• Tighten the foil and parchment then pour the French toast egg mix evenly over the bread then wrapping the top with foil.
  • Cook for 35 to 40 minutes over the campfire or grill and ensure you regularly turn it around for it to be evenly cooked. Cook for longer if the bread is still soggy.
  • Remove it, let it cool for 10 minutes, then serve it with the icing sugar, syrup, and slices of strawberries.

Read more about this recipe here on This Lil Piglet.

2. Basic Oatmeal

Ingredients:

  • 1/3 cup of cooking oats
  • Salt
  • 1 teaspoon sugar
  • 2 tablespoons of full cream milk powder

Method:

  • At home, mix the ingredients in a zip lock bag
  • When in camp, boil ½ cup of water, pour it into the mixture, and let it stay covered for 1 minute
  • Add any extra flavours according to your preference, such as peanut butter, honey, cherries or dark chocolate

Find out more on this recipe at Trail Recipes.

3. Scrambled Eggs

backpacking breakfast recipe scrambled eggs

Ingredients:

  • 1 cup of OvaEasy eggs (or similar)
  • Sun dried peppers
  • Spinach
  • Garlic powder
  • Black pepper
  • Salt
  • Olive oil

Method:

  • At home, mix the OvaEasy and seasonings to taste. Place with the spinach and peppers in a small container or sandwich bag.
  • In camp, add water and thoroughly mix the eggs and vegetables.
  • Heat some oil in a pan, add the mixture and scramble the eggs with a fork or spoon as it cooks.

Check out Fresh Off The Grid for this recipe and tons more amazing backpacking meals.

Lunch Recipes

4. Beef and Mushroom Stroganoff

Ingredients:

  • ¼ cup dry beef mince
  • ¼ dehydrated beef bouillon cube
  • ¼ cup porcini mushrooms
  • 2 tablespoon milk powder
  • 1 tablespoon all-purpose flour
  • Salt

Method:

  • At home, prepare these ingredients and store them in a cooler
  • On the trail, place the stroganoff and beef into a pot, add ½ cup of water and stir. The heat on the fire should be low and the mixture should be heated for 5 minutes.
  • Cover after completion to allow it rehydrate. Serve with pasta, rice, or mashed potatoes.

A more detailed recipe can be found at Capture Outdoors.

5. Taco Soup

Backpacking taco soup recipe

Ingredients:

  • 2 cans of stewed tomatoes
  • 1 packet taco seasoning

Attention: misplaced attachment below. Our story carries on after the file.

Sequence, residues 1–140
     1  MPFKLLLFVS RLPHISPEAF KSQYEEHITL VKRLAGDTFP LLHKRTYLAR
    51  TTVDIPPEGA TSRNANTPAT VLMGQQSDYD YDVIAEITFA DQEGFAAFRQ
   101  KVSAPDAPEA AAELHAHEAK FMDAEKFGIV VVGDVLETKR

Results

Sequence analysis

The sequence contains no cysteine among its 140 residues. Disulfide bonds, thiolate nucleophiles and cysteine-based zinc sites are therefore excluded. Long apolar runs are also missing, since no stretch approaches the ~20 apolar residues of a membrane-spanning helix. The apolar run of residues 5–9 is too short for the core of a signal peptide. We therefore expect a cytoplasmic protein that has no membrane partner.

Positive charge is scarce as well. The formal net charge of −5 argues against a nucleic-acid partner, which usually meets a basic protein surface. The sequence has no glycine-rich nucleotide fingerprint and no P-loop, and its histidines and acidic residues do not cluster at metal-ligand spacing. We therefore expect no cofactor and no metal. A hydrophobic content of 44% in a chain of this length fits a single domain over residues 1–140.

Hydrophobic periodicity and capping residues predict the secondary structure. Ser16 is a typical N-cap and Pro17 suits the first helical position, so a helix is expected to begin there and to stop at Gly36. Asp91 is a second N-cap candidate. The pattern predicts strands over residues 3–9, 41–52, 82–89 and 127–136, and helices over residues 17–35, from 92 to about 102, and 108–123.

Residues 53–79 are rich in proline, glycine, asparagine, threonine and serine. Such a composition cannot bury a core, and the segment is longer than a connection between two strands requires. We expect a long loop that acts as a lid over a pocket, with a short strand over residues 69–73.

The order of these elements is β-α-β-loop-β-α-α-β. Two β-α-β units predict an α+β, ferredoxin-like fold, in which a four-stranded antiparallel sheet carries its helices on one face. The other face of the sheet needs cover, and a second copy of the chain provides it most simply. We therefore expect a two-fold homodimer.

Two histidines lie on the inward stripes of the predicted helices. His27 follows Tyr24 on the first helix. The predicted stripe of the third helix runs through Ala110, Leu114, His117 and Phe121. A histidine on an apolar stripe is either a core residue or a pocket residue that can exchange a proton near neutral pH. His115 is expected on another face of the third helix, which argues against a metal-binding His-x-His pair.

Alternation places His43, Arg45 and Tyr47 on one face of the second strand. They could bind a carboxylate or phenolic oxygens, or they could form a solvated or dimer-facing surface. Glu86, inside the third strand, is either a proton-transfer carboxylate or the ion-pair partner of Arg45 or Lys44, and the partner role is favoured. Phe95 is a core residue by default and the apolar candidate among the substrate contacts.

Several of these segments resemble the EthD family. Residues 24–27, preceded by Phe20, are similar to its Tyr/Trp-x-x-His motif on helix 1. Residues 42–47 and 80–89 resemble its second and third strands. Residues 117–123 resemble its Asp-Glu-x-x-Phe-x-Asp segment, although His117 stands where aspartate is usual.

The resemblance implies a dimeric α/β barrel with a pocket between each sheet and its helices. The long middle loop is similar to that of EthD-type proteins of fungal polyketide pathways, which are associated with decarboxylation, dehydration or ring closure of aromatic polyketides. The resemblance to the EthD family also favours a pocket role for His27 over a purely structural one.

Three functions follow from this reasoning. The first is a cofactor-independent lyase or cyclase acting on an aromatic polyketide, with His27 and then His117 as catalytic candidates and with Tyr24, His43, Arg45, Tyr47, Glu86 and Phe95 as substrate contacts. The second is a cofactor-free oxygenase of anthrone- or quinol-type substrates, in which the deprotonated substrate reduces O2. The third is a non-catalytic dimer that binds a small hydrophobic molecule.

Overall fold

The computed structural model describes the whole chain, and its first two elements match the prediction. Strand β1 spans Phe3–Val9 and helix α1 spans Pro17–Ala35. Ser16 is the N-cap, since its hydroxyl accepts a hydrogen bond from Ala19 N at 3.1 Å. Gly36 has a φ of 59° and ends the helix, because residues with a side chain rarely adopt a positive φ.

• 2 cups of canned or homemade beans
  • 1 cup of corn

Method:

  • At home, mix the ingredients and cook. Afterward, freeze and pack it in the cooler.
  • At the camp, throw the ingredients in a pot and let them simmer.
  • Serve with a bag of Doritos for extra crunch.

Read more about this clever dish at Happy Money Saver

6. Campfire Cinnamon Roll-ups

Ingredients:

  • 1 tablespoon cinnamon
  • ¼ cup of sugar
  • 1 pack of crescent rolls
  • Wooden skewers

Method:

  • Mix the sugar and the cinnamon in a bowl
  • After separating the crescent rolls, wrap them around the wooden skewer then roll it in the mixture of cinnamon and sugar
  • Cook the over the fire, ensuring that you rotate it regularly
  • Serve it as preferred

This recipe is courtesy of Almost Supermom.

Dinner Recipes

​7. Creamy Clam Chowder

Backpacking taco soup recipe

Ingredients:

  • 1 stick butter
  • 32 ounces milk powder
  • 1 tablespoon flour
  • 1 medium to large onion
  • 6 ounces dehydrated potato flakes
  • Pepper to taste
  • 6.5 ounces canned tuna, salmon or clams

Method:

  • When packing, place these ingredients in separate bags
  • Let the chopped onion sauté in butter and after it turns translucent, add flour to make a paste
  • Add the rehydrated milk in the paste while stirring it then add the potatoes and clams
  • After simmering for 10 to 15 minutes, the potatoes will have rehydrated
  • Sprinkle pepper to taste and serve it with a preferred bread

Read more on this recipe at Backpacker magazine.

8. Chicken Enchilada Nacho Bowls

Nacho bowl backpacking dinner recipe

Ingredients:

  • Chicken
  • Onion
  • Enchilada sauce
  • Crushed tomatoes
  • Oregano
  • Black beans
  • Brown sugar
  • Chipotles

Method:

  • Cook the chicken with all the ingredients mentioned above
  • Pack it in a container or re-sealable plastic bag and refrigerate it
  • On the trail, all you will need to do is reheat the meal for a few minutes until piping hot
  • Serve with tortilla chips and finish the chicken bowl with a few spices

With thanks to Sunset for this recipe.

9. Red Lentil Sweet Potato Dal

Ingredients:

  • Sweet potato
  • Olive oil
  • Mustard seed
  • Turmeric, garlic, coriander
  • Red chili flakes
  • Kale or spinach
  • Chopped tomatoes

Method:

  • Methodically add the ingredients in a medium pot
  • After the dal has cooled a bit, spread it on a parchment-lined dehydrator tray
  • Dehydrate the dal for about 8 hours at 135 degrees
  • Package it in a container or a re-sealable plastic paper and chill it
  • At camp, rehydrate the dal and wait for it to heat for five minutes. Serve it with flatbread or rice.

The recipe has been extensively explained at Dirty Gormet.


Trail End

So there you have it. Our quick-start-guide to all your campsite cooking needs. Of course, we’ve barely scratched the surface of the weird and wonderful world of outdoor cooking. What are your best backpacking recipes? =ZIP=